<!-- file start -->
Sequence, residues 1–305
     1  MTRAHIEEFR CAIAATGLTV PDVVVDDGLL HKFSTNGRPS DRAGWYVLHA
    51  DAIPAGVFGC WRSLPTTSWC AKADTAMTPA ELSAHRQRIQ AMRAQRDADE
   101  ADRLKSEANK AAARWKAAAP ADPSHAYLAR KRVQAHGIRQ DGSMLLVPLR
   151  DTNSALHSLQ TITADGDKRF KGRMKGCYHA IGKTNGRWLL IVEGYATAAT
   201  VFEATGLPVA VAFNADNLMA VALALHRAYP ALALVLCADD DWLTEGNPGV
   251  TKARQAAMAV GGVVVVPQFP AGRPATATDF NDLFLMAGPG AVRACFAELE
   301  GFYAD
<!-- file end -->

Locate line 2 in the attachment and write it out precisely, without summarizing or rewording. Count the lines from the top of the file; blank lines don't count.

     1  MTRAHIEEFR CAIAATGLTV PDVVVDDGLL HKFSTNGRPS DRAGWYVLHA